n wooded Ireland, six-year-old Ian (Robert de Hoog) exchanges messages with his father on a walkie-talkie until the signal dies — his father with it. The bereaved boy turns inward. A decade later, still-sullen Ian finds the body of a classmate, again in the woods. She’s hanged herself. Introversion deepens into bearded reclusion. He is, he decides, a “mountain goat,” not of this world, an alien species unfettered to life. The moorings fray further when his mother dies. The introvert’s next step would be to kill himself, a plan he hatches with online diligence. But a separate suicide gives him pause. He will become a kind of modern-day boatman helping despairing young women to die, venerating their corpses until decay sets in, a coming-of-age lasciviousness percolating beneath the silent surface.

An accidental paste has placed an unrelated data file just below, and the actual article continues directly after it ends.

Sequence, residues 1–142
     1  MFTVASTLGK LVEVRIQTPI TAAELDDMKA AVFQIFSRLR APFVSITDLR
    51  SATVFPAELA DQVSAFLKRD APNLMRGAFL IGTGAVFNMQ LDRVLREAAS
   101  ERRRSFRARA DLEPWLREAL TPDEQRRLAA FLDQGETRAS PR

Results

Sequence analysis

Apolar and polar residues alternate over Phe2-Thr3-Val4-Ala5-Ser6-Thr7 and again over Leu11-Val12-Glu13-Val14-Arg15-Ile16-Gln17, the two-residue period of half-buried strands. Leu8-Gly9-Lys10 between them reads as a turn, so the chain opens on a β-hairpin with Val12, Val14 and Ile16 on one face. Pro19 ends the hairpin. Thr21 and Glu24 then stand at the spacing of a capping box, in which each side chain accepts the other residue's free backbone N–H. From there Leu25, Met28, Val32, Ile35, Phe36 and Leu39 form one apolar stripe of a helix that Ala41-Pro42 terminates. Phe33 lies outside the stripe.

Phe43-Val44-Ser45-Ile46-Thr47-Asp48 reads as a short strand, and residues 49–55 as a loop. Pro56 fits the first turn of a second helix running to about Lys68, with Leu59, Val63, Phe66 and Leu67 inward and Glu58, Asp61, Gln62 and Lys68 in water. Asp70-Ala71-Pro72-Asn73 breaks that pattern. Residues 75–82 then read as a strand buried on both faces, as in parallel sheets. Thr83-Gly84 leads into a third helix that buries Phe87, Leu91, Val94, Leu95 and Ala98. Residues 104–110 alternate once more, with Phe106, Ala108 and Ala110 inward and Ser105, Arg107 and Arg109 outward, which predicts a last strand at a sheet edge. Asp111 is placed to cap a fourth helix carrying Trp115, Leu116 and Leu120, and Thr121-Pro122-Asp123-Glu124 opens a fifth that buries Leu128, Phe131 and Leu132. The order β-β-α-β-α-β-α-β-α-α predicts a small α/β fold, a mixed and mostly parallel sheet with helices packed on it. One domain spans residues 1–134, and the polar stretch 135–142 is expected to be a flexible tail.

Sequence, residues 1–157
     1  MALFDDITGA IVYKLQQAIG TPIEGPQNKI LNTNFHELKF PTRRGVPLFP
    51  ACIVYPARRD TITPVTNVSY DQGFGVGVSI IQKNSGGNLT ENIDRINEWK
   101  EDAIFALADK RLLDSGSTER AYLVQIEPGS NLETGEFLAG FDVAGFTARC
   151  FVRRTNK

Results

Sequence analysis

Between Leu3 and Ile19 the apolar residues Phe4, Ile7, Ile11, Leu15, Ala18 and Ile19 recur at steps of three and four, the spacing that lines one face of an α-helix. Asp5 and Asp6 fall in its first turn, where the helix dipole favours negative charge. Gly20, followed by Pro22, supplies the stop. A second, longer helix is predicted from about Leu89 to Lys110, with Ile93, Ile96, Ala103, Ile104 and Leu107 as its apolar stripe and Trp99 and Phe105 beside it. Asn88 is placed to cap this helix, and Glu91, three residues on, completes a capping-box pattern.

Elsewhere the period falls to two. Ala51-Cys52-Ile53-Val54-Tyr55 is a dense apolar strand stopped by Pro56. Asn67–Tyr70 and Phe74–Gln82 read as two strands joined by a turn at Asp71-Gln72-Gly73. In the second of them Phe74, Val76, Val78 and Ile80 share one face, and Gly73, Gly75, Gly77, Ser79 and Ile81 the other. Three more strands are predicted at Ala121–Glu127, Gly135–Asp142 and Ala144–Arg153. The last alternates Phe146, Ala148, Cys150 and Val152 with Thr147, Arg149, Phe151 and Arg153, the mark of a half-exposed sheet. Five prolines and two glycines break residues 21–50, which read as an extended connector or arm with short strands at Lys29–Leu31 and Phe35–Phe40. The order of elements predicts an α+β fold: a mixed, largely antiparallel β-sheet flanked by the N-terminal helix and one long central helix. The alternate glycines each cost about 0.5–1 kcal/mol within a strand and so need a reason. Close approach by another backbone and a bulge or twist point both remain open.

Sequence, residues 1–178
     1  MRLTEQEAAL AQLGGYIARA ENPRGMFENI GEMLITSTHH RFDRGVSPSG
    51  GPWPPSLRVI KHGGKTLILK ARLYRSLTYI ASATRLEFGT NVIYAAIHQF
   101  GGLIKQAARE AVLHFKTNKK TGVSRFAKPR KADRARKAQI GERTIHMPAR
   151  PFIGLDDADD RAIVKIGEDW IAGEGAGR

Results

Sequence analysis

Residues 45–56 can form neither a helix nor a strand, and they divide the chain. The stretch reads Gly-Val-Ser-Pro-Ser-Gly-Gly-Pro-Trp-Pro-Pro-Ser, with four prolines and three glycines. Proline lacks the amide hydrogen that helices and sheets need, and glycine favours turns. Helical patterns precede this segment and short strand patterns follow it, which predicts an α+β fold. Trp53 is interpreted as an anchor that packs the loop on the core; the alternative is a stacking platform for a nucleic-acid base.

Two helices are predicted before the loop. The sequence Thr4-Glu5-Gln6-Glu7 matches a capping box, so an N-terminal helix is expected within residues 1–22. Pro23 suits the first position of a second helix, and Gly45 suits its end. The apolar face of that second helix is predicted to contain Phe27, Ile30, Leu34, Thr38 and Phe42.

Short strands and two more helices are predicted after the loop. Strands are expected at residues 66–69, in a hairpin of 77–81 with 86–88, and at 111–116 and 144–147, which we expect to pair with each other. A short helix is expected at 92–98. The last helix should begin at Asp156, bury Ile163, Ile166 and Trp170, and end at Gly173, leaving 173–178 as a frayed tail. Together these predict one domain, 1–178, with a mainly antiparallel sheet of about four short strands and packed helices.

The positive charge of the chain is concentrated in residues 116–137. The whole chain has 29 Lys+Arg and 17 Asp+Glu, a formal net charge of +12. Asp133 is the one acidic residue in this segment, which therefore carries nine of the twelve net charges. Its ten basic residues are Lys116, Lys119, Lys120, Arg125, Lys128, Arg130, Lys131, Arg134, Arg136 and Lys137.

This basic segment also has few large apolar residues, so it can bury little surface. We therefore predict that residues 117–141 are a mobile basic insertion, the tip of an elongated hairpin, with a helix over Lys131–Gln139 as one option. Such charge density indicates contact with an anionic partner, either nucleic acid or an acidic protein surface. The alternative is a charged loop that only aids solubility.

Director Brendan Muldowney tasteful if not especially insightful take on estrangement, suicide and necrophilia is surprisingly lacking in soul. From the moment Ian’s burden (or affliction) becomes clear, the rest of the story — based on Kei Ohish’s novel “In Love With the Dead” — is more predictable than unsettling. It is also slow. Attracted to grieving mother Naomi (Pollyanna MacIntosh), Ian’s would seem on the verge of revising if not forsaking his ghoulish ways. But by the time the melancholy mountain goat gets around to a will to live, the climax is no surprise. Subtlety is replace by concerted oddness but the substitution fails. Laconic Ian’s journey, however macabre, is never startling or revelatory, which such a tale demands — at least on screen.